He went on to say: “I was shocked when they told me what it was. They immediately sent the anti-virals going and God knows how many antibiotics and how much cortisone. It’s big guns — not pleasant at all. The whole time I was in there, pretty much all I could do was lay there and groan. It’s a weird one and there’s an awful long recovery process, too.”

Since recovering, Roger Daltrey has covered Pete Townshend's 1980 solo hit “Let My Love Open The Door” to draw attention to the Who's charity, Teenage Cancer America (TCA).

In 2014, Daltrey released his first non-Who related solo album in 22 years, with Going Back Home, his joint album with former Dr. Feelgood guitarist Wilko Johnson in which they revisit Johnson's back catalogue. The pair struck up a friendship back in 2010 — prior to Johnson's January 2013 diagnosis of terminal pancreatic cancer. Daltrey donated his proceeds from the album to the Teenage Cancer Trust.

Over the past eight years, Daltrey has reignited his solo live career performing the Who's Tommy along with assorted Who and solo classics. The Who's recent dates caught Daltrey singing better than ever after undergoing throat surgery in recent years.

Roger Daltrey's tour-de-force lead vocal on Quadrophenia's finale “Love Reign O'er Me” is one of dozens of examples of him taking a Pete Townshend song and completely reinventing it as his own: “That's what I used to try and do is to leave people with a mood in a note, and a passion in the song. That in somehow or the other, either went against the lyric, or took the lyric to somewhere where you didn't think. . . It's like 'Love Reign O'er Me' for instance. Pete never, ever saw that as a loud screaming plea, the way I sang it. He saw it as a quiet song — which obviously you can do. In the terms of the way Quadrophenia was, I saw it as that scream of desperation from the street. He didn't like it. He didn't like what I did with it (laughs) probably still doesn't!”

Pete Townshend admits that it's been tough throughout the years for Daltrey to have to bide his time until he's finished the next song cycle for a new Who project: “This was very frustrating for Roger, who is a fantastic singer of my material. The greatest interpreter that a writer could ever, ever want. Y'know he's a fantastic performer, singer, and brings stuff to my work that I can't bring to it myself. Certainly I've never heard any other singer bring it to it.”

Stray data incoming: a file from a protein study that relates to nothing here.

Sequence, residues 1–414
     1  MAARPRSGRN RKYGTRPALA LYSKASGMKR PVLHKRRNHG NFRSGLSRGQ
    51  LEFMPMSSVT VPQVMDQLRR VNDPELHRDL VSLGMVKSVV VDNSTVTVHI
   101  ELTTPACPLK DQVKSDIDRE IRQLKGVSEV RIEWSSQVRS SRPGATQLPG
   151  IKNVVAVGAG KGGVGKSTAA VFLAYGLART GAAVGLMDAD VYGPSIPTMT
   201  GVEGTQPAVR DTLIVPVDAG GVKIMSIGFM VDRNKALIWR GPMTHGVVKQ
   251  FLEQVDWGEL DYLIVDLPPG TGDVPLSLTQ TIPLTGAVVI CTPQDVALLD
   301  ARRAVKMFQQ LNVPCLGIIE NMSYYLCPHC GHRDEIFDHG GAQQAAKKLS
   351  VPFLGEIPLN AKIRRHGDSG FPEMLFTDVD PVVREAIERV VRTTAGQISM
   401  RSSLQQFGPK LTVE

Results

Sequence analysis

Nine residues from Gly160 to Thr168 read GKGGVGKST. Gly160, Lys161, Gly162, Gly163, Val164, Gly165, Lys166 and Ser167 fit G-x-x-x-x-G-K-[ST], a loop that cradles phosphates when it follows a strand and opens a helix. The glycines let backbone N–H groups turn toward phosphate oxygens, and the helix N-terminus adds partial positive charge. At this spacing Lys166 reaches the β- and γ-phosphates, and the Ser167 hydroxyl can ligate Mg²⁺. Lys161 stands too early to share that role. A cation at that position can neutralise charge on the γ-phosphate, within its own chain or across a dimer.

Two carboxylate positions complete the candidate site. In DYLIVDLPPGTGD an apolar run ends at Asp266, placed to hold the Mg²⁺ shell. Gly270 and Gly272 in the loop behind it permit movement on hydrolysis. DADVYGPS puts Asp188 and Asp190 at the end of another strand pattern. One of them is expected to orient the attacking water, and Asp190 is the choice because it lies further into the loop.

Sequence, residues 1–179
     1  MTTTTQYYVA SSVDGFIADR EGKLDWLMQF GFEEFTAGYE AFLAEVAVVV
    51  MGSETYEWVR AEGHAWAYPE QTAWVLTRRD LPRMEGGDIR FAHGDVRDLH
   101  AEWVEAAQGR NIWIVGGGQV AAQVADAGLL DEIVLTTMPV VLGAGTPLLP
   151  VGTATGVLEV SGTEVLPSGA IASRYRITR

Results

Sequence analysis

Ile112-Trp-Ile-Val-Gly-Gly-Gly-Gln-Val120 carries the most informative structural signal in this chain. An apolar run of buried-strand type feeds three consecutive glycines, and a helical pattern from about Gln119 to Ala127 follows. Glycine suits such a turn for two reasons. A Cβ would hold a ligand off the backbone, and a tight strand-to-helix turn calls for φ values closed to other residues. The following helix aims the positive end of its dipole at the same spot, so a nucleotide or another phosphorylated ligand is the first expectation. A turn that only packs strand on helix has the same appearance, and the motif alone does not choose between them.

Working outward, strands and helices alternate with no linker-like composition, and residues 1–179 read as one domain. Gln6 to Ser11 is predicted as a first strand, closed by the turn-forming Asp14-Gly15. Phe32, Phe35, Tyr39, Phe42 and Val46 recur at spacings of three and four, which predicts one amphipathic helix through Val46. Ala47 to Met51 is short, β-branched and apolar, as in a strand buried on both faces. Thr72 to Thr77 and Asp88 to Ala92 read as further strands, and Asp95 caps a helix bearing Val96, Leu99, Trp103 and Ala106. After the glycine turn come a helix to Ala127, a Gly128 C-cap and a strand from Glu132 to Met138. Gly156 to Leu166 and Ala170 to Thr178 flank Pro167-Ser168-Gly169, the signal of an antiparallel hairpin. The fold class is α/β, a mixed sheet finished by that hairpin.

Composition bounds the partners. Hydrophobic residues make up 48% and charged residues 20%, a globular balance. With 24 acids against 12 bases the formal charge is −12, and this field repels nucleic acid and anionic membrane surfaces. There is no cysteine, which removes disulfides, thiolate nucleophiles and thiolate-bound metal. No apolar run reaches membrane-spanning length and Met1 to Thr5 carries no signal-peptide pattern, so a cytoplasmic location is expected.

Townshend says that after five decades of working with Daltrey, he's only recently found the proper way to present his new material to him: “And Roger just said to me several times, 'Y'know, I'll support you in whatever you want to do, let's take some real chances.' And I kind of stamped around the room saying, 'Well that's all very well in words but when it actually comes to it and I deliver him my big ideas, he doesn't want to get behind them, or he doesn't do this or do that . . .' And then actually when it came to it, I realized (that) as long as the work I was delivering him was finished, he would simply make the choice of an editor or a performer.”

Daltrey told us that his relationship with longtime sideman — and kid brother of Pete Townshend — Simon Townshend is so tight, that he actually considers him to be family. Simon, who's 15 years younger than Pete, has been a constant in the Who's live shows since 2002, has backed Daltrey on the road for years.

Daltrey explains that his connection with Simon goes far deeper than just being bandmates: “I've always had a close relationship with Simon since he was a little boy. He was Pete's brother, and he used to be 'round my house all the time. He was a real Who fan. And he's been in my band since — well, every time I've had a solo band, he's been in it. And I actually call him my brother (laughs). It's totally unconditional, I mean, he's great vibes. I mean, he knows the music so well.”

Simon Townshend admits that he's been close to Daltrey ever since he was a boy: “I always loved Roger. Roger was the one I could run up to and cuddle. I couldn't run up and cuddle Moonie, I couldn't run up and cuddle Pete, I couldn't run up and cuddle John (Entwistle), but I could run up and cuddle Roger. He's a dear friend, really, Rog.”


The Who's pre-fame drummer Doug Sandom, died on February 27th at age 89 — one day after his birthday. In 1964, Sandom, who was forced out of the band — then known as the High Numbers — after early management deemed him far to old to be playing with Roger Daltrey, Pete Townshend, and John Entwistle, who were all around 15 years younger than him.

Pete Townshend took time out to eulogize Sandom on TheWho.com:

Just heard from his son that Doug, drummer with the early Who, passed away yesterday at the age of 89. If you have read my book Who I Am you will know how kind Doug was to me, and how clumsily I dealt with his leaving the band to be replaced eventually by Keith Moon. A bricklayer by trade, Doug was an excellent drummer but was considered by our first record label to be too old for us. It was his age and his wisdom that made him important to me. He never sneered at my aspirations the way some of my peers tended to do (I was a bit of an egoistic handful sometimes). He encouraged me – as did my best friend in those days Richard Barnes. Doug took a while to forgive me, but did so in the end, and although I didn’t see much of him we remained friends. He would almost certainly have tried to visit with Roger and me at Wembley Stadium this year, and we will both miss seeing him.

28 February 2019